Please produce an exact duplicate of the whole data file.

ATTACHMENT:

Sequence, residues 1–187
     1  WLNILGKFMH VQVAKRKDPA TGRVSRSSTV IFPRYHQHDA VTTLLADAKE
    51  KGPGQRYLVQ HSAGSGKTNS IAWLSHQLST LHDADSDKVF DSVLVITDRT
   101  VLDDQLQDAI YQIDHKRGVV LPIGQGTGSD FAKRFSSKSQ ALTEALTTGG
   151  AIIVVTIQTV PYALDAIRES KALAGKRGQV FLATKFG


Sequence, residues 1–187
     1  WLNILGKFMH VQVAKRKDPA TGRVSRSSTV IFPRYHQHDA VTTLLADAKE
    51  KGPGQRYLVQ HSAGSGKTNS IAWLSHQLST LHDADSDKVF DSVLVITDRT
   101  VLDDQLQDAI YQIDHKRGVV LPIGQGTGSD FAKRFSSKSQ ALTEALTTGG
   151  AIIVVTIQTV PYALDAIRES KALAGKRGQV FLATKFG